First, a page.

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[MUSIC PLAYING] Structure and structured rest is more important for puppies than freedom. Don't eat that, please. Being loose all the time until the puppy is crazed and cranky and chewing on you and doing bad things, it's not good for anybody. That puppy needs to be crate trained so that they have a place where they can go and decompress. The puppy does not need to be out all the time. The puppy needs rest periods. And in order to be able to put the puppy in for rest, the puppy has to be crate trained. In order to be crate trained, the breeder has to have taken the time to separate each puppy a short amount of time during their critical period so that by the time the puppy owner gets the puppy, the puppy owner can handle it. The crate quickly becomes a cue for the puppy to calm down and take a nap. Puppies come to love their crates and can seem almost grateful when you put them away when they're tired and cranky. Dogs who haven't learned to accept being alone can become very upset when isolated. In severe cases, they can panic and start destroying anything they find. This is known as separation anxiety. Separation anxiety can lead to dramatic destructive behavior and require a lot of time and effort to cure. But separation anxiety is a natural behavior. We were able to domesticate dogs because of their friendly social nature. Early dogs with a talent for bonding and staying close to people showed an evolutionary advantage over their more aloof cousins, and that desire not to be alone is hardwired into dogs. If we don't train them otherwise, puppies will naturally grow up to have a dread of being left alone, and that can lead to spectacularly bad results. Fortunately, teaching puppies to be in their crates for short periods of time during their critical socialization period is easy. Before you close a puppy alone in a crate, he should be used to using the crate with the door open. Ideally, breeders should leave open crates in the weening pens so puppies get used to sleeping in them. But even puppies who have never seen a crate will take to it easily. Just leave an open crate in your puppy's area, and he'll find it and nest in it. If your puppy is used to sleeping in a crate with the door open and has already spent short amounts of time away from his brothers and sisters, crate training is a snap. Do not feed your puppy for a few hours and withhold water for one hour before crate training. Take your puppy outside to potty and make sure that he does, in fact, empty his bladder. Inspect your puppy and make him 100% sure that he's not sick or injured. Grab a nice meaty bone, put your puppy in the crate with the bone, close the door, and leave him to chew on his bone for just a few seconds in the crate. [MUSIC PLAYING] Open the door and let him out before he starts fussing. Don't forget to do an exchange for the bone. You can gradually work up to longer and longer periods in the crate, but don't push it. Always make sure you keep an eye on the time and take him out before he wakes up and starts fussing. And before you know it, your puppy will be begging to get into the crate. I'd like you to get out of the crate, please. I have to change the bed. Please get out of the crate. You want to go in there, I know. [MUSIC PLAYING]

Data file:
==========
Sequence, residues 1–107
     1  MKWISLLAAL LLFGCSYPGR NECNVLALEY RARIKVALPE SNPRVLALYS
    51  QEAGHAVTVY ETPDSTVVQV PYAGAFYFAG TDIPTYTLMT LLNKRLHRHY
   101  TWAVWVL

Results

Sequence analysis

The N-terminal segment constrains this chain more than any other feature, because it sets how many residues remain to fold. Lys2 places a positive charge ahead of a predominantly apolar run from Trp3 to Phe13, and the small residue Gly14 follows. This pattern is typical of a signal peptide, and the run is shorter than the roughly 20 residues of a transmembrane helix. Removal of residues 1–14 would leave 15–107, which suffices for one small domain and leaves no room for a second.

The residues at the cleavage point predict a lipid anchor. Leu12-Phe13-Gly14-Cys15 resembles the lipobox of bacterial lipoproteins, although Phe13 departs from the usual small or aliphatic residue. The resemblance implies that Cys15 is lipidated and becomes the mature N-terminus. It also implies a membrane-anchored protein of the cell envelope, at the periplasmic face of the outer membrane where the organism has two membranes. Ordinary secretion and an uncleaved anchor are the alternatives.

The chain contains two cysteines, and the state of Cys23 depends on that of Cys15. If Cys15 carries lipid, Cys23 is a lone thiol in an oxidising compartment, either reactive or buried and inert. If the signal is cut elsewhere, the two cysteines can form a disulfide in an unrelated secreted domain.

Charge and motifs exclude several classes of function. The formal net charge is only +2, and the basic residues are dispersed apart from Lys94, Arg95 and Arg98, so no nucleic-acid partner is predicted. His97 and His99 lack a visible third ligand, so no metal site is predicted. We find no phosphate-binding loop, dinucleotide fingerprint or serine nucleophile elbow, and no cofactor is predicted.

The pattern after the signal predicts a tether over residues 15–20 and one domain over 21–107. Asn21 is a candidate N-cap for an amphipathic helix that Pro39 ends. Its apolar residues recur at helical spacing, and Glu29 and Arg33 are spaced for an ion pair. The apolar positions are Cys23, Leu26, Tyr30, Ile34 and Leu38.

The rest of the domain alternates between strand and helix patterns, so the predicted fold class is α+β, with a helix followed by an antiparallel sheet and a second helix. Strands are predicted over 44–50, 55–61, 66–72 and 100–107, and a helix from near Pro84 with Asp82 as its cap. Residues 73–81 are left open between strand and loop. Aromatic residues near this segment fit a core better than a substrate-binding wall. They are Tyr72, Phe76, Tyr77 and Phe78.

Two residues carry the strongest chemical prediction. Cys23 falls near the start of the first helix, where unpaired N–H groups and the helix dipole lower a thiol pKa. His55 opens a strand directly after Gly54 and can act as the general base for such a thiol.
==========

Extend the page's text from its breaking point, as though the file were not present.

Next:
Video Details

Duration: 4 minutes and 21 seconds
Language: English
License: Dotsub - Standard License
Genre: None
Views: 5
Posted by: norabean on Apr 2, 2018


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